3) when noodles are finished, ask the cooks for some rice "Ooi nushi". You don't need to talk, and they would understand if you just give them your bowl. Then, you can mix the rice with the sauce, and enjoy the flavour until the end. To be honest, I never had the Taiwanese version and I felt that it was pretty Japanese.~monviard

This Ramen shop specialized for the Taiwanese dry noodle which contained spicy minced pork. There were a queue of 6 people when I visited there, but usually there were always long long queues whole day. Menu were dry noodle and Ramen style soup noodle. I highly recommended dry noodle, because it was famous for a dry one. I felt very strong impression with its taste. Spicy, garlic flavor and egg york texture. The price was affordable. Maze soba which was the most popular menu was only 780 yen. It was worthy to visit.~matt

My Japanese friends took me there! We walked for over 20mins from Shinjuku station in summer and then were waiting in a line for 30 mins. The store severs ice water outside. It cooled me down, otherwise, I will die.The noodles are so chewed and so tasty! A little spicy. The meats are soft! I love it so much even I don't know why it called Taiwanese noodles.However, the location is not perfect. It would be better to be closer to Shinjuku station.~sharon

Despite of being 10+ min walk from 3 stations (Fukutoshin line and JR), lots of people congregate here and queue up. I waited for about an hour for Sunday lunch, it can be brutal if you come here during the summer or middle of winter. So, plan well.This "Maze soba"('stirring' soba) is supposedly Taiwanese dish but quite common in Nagoya, according to the sign.As far as texture goes, if you think of fettuccine Alfredo or Carbonara, you're right on that line. 

And it was little spicy. Little spicy that tingles your tongue. Sauce is quite thick and especially after breaking that raw egg and stirring well.As said, this isn't the place where you can come spontaneously. Plan well and come w/ your friends so that waiting wouldn't feel so long.~jimmy

In a post last week, I mention that Taiwanese mazemen, or “mixed noodles”, are all the rage in Japan. I ran the pic you see above in that post and everyone wanted to know here it was from. Well, that would be Menya Hanabi in Tokyo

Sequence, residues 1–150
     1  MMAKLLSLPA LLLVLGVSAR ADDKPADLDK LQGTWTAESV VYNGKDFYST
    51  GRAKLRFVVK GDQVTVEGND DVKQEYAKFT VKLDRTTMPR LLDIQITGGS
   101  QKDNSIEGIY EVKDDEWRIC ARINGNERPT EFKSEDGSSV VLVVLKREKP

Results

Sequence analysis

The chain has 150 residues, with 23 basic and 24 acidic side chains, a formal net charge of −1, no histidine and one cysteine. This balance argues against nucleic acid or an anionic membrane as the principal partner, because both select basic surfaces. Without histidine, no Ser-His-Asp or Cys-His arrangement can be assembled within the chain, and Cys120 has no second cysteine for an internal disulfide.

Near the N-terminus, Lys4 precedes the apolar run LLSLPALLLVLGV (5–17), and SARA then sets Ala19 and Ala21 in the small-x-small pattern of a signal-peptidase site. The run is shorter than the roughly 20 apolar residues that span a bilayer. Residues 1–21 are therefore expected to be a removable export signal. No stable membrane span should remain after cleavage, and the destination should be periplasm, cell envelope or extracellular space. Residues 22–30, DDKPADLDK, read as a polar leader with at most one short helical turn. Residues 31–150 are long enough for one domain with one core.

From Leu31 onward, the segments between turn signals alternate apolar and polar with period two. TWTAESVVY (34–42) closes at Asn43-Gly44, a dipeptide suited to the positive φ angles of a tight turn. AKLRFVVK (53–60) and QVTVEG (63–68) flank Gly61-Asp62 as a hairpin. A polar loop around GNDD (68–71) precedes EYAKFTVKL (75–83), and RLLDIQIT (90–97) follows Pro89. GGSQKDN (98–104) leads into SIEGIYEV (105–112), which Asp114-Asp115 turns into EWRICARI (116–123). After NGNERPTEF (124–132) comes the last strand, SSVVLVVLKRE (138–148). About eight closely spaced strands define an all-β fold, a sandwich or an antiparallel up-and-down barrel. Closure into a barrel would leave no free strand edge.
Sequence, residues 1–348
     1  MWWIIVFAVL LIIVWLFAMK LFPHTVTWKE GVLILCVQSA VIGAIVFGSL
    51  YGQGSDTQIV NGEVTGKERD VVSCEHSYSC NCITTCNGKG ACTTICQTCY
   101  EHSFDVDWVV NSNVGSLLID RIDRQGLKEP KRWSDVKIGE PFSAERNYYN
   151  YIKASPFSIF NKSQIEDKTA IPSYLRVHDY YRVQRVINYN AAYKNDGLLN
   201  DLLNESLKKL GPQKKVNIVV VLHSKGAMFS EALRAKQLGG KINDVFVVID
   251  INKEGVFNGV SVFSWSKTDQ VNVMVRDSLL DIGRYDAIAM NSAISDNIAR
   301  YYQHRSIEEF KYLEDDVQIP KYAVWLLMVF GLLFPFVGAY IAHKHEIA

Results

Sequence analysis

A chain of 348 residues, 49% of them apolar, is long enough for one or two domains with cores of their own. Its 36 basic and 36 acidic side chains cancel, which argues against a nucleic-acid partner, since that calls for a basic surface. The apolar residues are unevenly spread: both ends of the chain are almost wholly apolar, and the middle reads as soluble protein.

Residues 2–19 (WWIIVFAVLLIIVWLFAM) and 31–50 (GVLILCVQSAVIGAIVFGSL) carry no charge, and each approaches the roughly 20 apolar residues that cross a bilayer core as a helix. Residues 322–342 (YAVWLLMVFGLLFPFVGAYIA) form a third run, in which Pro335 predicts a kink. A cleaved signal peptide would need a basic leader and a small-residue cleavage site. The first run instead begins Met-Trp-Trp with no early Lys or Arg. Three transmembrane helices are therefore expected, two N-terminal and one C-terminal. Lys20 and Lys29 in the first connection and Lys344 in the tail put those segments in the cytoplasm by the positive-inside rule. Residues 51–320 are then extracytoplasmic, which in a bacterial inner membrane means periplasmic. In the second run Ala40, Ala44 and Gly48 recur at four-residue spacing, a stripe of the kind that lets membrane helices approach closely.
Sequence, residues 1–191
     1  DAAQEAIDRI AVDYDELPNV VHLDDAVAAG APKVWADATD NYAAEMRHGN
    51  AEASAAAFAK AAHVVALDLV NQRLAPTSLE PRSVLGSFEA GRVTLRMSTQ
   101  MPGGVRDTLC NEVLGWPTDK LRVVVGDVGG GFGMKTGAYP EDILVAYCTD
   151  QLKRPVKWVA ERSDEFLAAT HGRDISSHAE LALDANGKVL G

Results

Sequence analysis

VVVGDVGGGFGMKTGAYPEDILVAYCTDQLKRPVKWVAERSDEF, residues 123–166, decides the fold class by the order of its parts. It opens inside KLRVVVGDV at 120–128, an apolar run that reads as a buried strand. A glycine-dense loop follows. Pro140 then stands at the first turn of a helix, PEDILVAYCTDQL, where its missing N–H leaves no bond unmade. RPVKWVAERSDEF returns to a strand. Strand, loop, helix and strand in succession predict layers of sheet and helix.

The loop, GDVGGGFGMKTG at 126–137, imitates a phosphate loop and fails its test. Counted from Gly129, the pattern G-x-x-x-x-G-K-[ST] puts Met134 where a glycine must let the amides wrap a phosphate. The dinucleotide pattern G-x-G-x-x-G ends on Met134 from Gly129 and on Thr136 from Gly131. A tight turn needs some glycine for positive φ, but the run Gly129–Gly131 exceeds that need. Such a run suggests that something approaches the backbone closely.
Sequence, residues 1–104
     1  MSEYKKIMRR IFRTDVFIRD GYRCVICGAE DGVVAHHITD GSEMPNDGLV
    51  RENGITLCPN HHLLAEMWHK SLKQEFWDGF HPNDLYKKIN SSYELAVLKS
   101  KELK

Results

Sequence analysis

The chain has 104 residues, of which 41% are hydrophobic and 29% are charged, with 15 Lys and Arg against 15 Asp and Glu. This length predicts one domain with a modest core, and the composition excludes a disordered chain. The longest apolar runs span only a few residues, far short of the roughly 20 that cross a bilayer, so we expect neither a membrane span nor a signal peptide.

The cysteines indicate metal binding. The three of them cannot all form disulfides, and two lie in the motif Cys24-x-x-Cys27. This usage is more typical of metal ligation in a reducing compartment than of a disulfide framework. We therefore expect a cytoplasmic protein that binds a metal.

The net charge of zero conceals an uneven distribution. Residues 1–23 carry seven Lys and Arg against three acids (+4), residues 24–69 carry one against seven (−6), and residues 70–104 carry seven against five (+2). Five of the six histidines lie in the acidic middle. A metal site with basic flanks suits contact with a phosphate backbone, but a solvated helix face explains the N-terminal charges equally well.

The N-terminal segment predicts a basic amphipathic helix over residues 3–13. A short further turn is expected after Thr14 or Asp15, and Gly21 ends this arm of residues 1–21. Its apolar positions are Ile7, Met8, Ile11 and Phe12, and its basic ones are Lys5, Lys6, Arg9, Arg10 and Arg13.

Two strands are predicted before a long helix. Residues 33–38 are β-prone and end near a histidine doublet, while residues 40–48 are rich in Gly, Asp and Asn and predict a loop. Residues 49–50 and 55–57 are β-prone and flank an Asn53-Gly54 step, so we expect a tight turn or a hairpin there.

Having gotten their start in Nagoya, Hanabi is now also one of the most popular places in Tokyo after being named the best mazemen shop in the city by several respected magazines and blogs, and being featured on a few TV news programs. This line of about 15 people is on the shorter side, actually; this was at about 1pm in the afternoon, after the post-lunch rush. Yet we still had to wait about 45 minutes to get in. 

Hanabi operates just like any other ramen shop: you order and pay through the vending machine at the entrance, get your ticket and sit down at the ten-seat counter that looks into their open kitchen…Within a few minutes, your order is placed in front of you…Taiwanese mazemen is a brothless bowl of noodles traditionally topped with a spicy mixture of minced pork & beef, scallions and a raw egg…Individual shops then personalize their bowls with a variety of other additions. Hanabi has become known for making there’s extra hot by adding in garlic and Szechuan pepper…We ordered ours with chunks of roast pork as well…You then stick your chopsticks in an mix it all up…You then slurp just like ramen! Lovely, isn’t it?!

Hanabi’s also become popular for the service they offer after you finish your noodles, which is why their wait times are a little longer. You see, rather than let all that eggy and porky soup that builds up in the bottom of your bowl go to waste, the fine folks at Hanabi scoop in rice for you to soak it up…It’s a like a second course…A taste of Taiwan in Tokyo that is so worth the wait!~andrei